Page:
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Wednesday, April 5, 2017


Back in February I had the chance to talk with Randy Ericksen on his TA1 adventure racing podcast, and the conversation went up yesterday (on my birthday!). We chatted about adventure racing, mountain biking, gravel racing, fear, family, big plans, and the search for balance. Give it a listen if you're interested!

Link to podcast

Tuesday, March 14, 2017

Land Run 2017: Unstoppable

You skate across the finish line, dragging your foot to stop like you've had to for the last 40 miles, and roll right into his waiting arms. He beams as if he's been waiting for you, specifically, since you left Stillwater 13 hours ago. For a moment you're the only finisher, the only one who matters, and you begin to forget about the tears and the fear and the way that you swore off Oklahoma and its hateful red mud. You don't even like beer, but you drink from the can he hands you because you're so damn happy to see him and he's so damn happy to see you and oh thank God you don't have to ride your bike any more tonight.

Bobby Wintle is the gravel evangelist of Stillwater, multiplying IPA and jeeps and red mud until there's enough for everyone, and despite Land Run's consistently challenging conditions the faithful descend in greater numbers every March. Catholics have Ash Wednesday, consumers have Black Friday, and the gravel community has Mud Saturday. Virtus and Momentum, we heeded the call, rolling into town just in time for the 6:00 revival -- I mean, race meeting.

After a quick and delicious dinner at McAllister's (thanks to my wonderful teammates for indulging my baked potato craving), it was back to the hotel to prep bikes, gear, and pretty much every piece of winter-related cycling clothing I own. Over the course of the preceding week, the forecast had changed from delightful (70's and sunny) to abysmal (40's and 100% chance of rain), and I was filled with masochistic anticipation, confident that lousy conditions would be a competitive advantage for me. I certainly had the dubious benefit of a winter full of sub-ideal ride weather.

I'd learned a lot on those rides and felt confident in my ability to dress for the expected conditions. The first half of the race was forecast to be chilly and rainy, the temperature dropping into the low 30's that night. With that in mind, I packed a huge bag of cold-weather gear to leave with Lori, who was crewing for us. It didn't take long to get everything ready, and we were all in bed early enough to get nearly 8 hours of sleep.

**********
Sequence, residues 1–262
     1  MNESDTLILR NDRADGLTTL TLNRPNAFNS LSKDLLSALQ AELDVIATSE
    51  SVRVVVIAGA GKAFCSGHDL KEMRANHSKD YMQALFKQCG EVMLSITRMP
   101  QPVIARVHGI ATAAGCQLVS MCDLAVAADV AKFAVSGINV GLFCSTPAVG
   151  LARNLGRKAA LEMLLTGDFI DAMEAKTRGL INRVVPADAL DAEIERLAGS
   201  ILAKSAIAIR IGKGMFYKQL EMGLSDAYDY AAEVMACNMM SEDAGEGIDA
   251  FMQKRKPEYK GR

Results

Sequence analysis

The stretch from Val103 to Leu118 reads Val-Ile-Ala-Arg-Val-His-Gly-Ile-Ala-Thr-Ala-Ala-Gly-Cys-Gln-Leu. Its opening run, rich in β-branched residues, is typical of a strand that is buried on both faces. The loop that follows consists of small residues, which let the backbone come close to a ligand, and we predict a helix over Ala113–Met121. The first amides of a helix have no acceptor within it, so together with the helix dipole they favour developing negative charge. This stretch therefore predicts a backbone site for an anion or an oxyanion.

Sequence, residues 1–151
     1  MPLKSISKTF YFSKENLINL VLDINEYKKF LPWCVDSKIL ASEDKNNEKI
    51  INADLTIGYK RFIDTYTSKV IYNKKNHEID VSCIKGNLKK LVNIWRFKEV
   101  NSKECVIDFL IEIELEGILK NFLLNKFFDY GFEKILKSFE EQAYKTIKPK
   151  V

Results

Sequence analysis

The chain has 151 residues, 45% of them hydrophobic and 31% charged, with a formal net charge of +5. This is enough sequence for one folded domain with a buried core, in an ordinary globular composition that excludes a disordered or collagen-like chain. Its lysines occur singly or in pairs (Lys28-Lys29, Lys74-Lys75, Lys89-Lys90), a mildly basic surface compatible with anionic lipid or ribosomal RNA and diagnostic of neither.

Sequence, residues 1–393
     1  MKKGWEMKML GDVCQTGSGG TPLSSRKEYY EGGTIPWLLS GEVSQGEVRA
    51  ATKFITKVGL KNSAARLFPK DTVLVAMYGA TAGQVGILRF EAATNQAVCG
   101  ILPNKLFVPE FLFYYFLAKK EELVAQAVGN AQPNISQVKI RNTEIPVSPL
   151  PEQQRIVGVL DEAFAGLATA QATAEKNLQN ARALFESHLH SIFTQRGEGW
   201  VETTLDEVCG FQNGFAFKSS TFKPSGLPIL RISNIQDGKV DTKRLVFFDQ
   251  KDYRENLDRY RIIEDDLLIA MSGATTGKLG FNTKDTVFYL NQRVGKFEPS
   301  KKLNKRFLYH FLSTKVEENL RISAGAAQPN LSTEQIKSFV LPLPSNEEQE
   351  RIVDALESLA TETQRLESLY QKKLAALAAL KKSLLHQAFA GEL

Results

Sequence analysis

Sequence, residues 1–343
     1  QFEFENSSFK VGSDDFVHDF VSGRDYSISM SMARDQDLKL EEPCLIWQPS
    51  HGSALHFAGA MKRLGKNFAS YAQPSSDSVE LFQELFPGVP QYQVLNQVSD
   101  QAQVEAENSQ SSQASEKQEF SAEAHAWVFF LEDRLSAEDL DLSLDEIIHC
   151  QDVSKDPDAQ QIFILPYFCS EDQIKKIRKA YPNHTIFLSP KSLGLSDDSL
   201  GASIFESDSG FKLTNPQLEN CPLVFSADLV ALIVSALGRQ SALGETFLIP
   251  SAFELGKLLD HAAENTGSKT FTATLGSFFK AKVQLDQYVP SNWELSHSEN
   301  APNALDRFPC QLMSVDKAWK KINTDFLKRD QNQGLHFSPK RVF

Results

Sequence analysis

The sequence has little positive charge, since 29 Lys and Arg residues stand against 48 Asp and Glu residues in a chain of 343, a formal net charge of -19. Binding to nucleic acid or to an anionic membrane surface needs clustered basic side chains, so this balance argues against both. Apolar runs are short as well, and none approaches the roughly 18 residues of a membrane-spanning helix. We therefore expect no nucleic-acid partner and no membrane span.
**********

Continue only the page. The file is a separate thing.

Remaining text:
Rain fell overnight, and we woke to ominously gray skies. After a quick hotel breakfast, we returned to the room to gear up. I started with a long-sleeved wool base layer under my jersey and a light wind jacket on top. I wore my regular Momentum shorts with knee warmers and thin wool socks under my traditional pink argyle. After some indecision, I opted to wear my regular bike shoes and send my boots to the midpoint. A cycling cap, fleece hat, and full-fingered wind gloves completed the ensemble.

My nutritional plan for the day was simple: two 500-calorie bottles of Perpetuem per leg, which should be enough for the four hours I expected each 52-mile segment to take, supplemented by a couple of candy bars for extra calories in case things didn't go as planned. Lori saved my ass before we even got into the car when she grabbed my forgotten bottles from the refrigerator as we were leaving.


We lined up in the middle of the pack, further back than last year with Mickey but further up than makes me comfortable. I'm still not used to riding in a huge group of bikes, so it makes me really nervous. Bobby gave a rousing talk, ending things on a high note:
"Push yourself to the very limit, push yourself past the point that you think is the end, because it's not.
The end has no end. You will only be 40% done when you think you're 100% done.
Dig, run, walk, ride, DO it today. That is hashtag #unlearnpavement."
For the second Saturday in a row, I stood on the start line with zero nerves and quiet confidence. I used to show up at every race wondering what the hell I was doing there, but I felt ready for whatever Land Run had to dish out. A cannon blast ushered us onto the course, and the race was on.

The first miles were smooth and fast. I started more aggressively than usual, hoping to make time while the roads were good. Riding solo, I focused on grabbing the wheels of people ahead of me instead of my normal habit of just pedaling along in my own little world.

So clean, so early
Photo credit: Gravel Guru
Though disappointed by the favorable conditions I enjoyed the smooth sailing and comfortable temperatures. I caught up with some of my Momentum teammates around mile 20; Jeff gave me a dirty look when I celebrated, "What great riding weather!", but I meant it. I hate being hot on the bike. Shortly thereafter, it began to sprinkle and then rain in earnest. Initially I stuck with my light jacket, which was quickly soaked. As the downpour continued, I eventually pulled over to put on my rain jacket. Almost instantly the rain slowed to a drizzle.

Unlike last year, where the line between walking and carrying your bike was pretty obvious -- and, just in case you weren't paying attention, littered with racers who'd pushed that line and were now walking slack-chained bikes towards a SAG pickup -- it was a little more hazy this year. The day's rain initially left the roads a rideable mud soup that mostly rolled right off the bikes. Just a bit further, however, conditions forced some walking.

Photo credit: 241 Photography

I don't know how much hike-a-bike we did in the first half. It seemed pretty minimal, and I was glad. Between the additional mud accumulated on my bike and my frame bag, I struggled a bit to get comfortable carrying the bike. It felt really heavy, and while the frame bag made a nice cushion for my back, it also limited my hand positions. Still, everyone was in a similar situation, and knowing that hike-a-bike is my strength I made the best of it and plowed ahead, chatting with other racers as we walked.